* Ireland to collect full amount of disputed taxes by end-Q3
* Commission says can close collection case if all dues paid (Adds European Commission statement)
By Padraic Halpin
DUBLIN, April 24 (Reuters) - An appeal by Apple and Ireland against a European Union ruling for the U.S. firm to pay 13 billion euros ($16 billion) in disputed taxes is likely to be heard before the end of the year, Irish Finance Minister Paschal Donohoe said on Tuesday.
The European Commission ruled in August 2016 that Apple had received unfair tax incentives. Both Apple and Dublin are appealing against the original ruling, saying the iPhone maker's tax treatment was in line with Irish and European Union law.
"We expect the appeal is likely to begin in the autumn," Donohoe told journalists on Tuesday. "How long the hearings will last will depend on the judges overseeing it and could be open to either party after that to take any further action."
The Commission told Ireland to collect 13 billion euros in back taxes, a figure Ireland's finance department estimated last year could reach 15 billion euros including EU interest.
Interest due by Apple will be calculated after the initial 13 billion euros is collected, Donohoe said.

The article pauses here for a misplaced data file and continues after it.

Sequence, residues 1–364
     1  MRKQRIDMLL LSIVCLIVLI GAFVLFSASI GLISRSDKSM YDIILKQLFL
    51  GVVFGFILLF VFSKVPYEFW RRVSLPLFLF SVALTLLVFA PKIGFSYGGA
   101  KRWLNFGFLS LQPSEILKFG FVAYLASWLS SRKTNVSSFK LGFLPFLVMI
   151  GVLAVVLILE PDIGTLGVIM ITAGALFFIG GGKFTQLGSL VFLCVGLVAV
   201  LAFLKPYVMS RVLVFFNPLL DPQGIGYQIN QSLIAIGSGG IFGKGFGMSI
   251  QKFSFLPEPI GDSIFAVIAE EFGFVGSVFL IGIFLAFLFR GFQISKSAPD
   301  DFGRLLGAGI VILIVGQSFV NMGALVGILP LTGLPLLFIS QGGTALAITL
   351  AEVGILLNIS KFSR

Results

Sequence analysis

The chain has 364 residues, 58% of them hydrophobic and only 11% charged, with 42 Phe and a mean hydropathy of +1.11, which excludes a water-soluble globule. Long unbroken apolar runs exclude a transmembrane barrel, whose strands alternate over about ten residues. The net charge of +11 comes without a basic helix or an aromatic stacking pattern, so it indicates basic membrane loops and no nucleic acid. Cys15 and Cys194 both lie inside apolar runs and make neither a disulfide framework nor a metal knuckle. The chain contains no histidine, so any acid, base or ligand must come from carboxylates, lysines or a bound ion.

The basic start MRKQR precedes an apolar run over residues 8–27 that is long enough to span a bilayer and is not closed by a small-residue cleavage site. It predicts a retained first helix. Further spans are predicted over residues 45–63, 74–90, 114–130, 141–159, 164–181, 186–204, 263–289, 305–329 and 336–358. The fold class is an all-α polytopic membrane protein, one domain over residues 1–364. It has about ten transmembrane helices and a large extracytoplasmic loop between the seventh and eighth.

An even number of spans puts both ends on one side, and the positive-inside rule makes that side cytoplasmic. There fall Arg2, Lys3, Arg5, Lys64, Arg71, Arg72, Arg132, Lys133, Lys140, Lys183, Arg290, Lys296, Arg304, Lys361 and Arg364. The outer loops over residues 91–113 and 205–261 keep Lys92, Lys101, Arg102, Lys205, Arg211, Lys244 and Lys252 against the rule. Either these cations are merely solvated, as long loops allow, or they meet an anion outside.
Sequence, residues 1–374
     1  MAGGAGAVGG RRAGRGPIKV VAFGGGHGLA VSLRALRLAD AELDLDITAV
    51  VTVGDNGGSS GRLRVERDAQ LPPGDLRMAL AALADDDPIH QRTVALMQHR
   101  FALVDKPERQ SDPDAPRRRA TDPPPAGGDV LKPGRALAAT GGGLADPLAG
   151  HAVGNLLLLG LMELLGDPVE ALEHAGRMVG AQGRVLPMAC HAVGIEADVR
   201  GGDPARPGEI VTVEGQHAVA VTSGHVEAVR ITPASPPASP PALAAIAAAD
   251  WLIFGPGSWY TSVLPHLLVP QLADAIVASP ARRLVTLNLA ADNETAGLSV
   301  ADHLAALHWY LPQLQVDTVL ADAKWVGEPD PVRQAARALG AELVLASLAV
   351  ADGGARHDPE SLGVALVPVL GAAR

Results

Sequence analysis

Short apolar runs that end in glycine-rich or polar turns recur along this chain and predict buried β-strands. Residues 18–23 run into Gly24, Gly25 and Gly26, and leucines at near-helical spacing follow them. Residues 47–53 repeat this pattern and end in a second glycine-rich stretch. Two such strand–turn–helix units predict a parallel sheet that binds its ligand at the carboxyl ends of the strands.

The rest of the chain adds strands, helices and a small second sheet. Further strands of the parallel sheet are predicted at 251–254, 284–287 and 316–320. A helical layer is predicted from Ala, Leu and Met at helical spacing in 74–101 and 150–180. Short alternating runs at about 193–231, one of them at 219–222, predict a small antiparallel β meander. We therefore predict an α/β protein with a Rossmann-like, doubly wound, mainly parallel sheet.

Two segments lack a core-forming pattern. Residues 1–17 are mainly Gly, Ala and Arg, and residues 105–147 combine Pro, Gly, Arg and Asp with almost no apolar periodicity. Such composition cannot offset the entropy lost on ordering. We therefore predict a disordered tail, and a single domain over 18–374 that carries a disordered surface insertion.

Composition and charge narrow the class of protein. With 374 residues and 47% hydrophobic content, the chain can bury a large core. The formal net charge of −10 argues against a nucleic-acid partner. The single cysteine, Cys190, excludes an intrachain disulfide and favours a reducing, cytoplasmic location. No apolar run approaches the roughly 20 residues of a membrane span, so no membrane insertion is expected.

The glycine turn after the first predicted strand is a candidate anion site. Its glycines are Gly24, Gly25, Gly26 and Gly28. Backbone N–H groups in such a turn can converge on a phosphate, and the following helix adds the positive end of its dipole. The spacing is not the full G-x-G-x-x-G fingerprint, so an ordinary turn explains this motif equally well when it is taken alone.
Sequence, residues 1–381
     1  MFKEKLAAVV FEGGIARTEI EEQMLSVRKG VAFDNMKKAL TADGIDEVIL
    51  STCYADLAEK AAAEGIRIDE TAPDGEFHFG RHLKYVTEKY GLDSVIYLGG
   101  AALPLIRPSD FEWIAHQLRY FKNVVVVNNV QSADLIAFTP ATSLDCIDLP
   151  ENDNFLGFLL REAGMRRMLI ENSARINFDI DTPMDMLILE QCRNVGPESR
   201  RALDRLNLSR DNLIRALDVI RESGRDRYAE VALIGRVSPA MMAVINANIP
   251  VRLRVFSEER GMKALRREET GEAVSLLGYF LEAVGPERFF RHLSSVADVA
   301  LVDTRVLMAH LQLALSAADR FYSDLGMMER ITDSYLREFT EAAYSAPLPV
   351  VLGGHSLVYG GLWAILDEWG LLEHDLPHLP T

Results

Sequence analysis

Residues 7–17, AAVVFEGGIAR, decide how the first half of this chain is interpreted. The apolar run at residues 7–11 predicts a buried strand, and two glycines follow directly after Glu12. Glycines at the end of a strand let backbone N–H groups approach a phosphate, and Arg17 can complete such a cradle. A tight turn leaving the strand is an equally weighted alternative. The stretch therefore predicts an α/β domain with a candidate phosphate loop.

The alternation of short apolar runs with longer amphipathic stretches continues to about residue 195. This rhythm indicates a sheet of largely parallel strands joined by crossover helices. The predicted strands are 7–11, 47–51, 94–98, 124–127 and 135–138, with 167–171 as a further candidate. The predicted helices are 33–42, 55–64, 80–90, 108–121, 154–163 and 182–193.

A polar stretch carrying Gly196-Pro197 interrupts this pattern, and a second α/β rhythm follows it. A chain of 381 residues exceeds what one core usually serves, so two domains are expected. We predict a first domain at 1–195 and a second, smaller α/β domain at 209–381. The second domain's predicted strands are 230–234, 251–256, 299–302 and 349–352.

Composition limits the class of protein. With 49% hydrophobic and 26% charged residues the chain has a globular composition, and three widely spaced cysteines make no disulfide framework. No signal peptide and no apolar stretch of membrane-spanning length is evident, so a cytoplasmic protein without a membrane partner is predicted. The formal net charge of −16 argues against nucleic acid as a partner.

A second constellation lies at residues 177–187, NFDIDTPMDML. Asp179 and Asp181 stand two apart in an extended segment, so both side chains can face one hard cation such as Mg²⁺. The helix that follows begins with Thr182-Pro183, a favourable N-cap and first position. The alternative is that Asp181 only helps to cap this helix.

Last October the Commission said it was also taking Dublin to the European Court of Justice over delays in recovering the money that was due to be recovered in January 2017, four months on from the initial ruling.
The Commission said on Tuesday that it hoped the funds would be recovered fully as soon as possible to allow it to close the EU Court of Justice's action against Ireland for missing that deadline, a spokesman said.
Ireland has insisted that it has acted as fast as it could to facilitate collection and management of such a large sum.
Last month it appointed managers for an escrow account to hold the money and Donohoe on Tuesday said the money would begin to be paid by Apple in a series of payments starting in the second quarter, with all funds in place by the end of the third quarter.
Donohoe said the fund would make investment decisions that are low risk and that the Irish taxpayer would be protected.
"Any loss from the fund will reside with the fund, not with the taxpayer," he said. ($1 = 0.8189 euros) (Additional reporting Conor Humphries and Foo Yun Chee in Brussels Editing by Alexander Smith and David Goodman)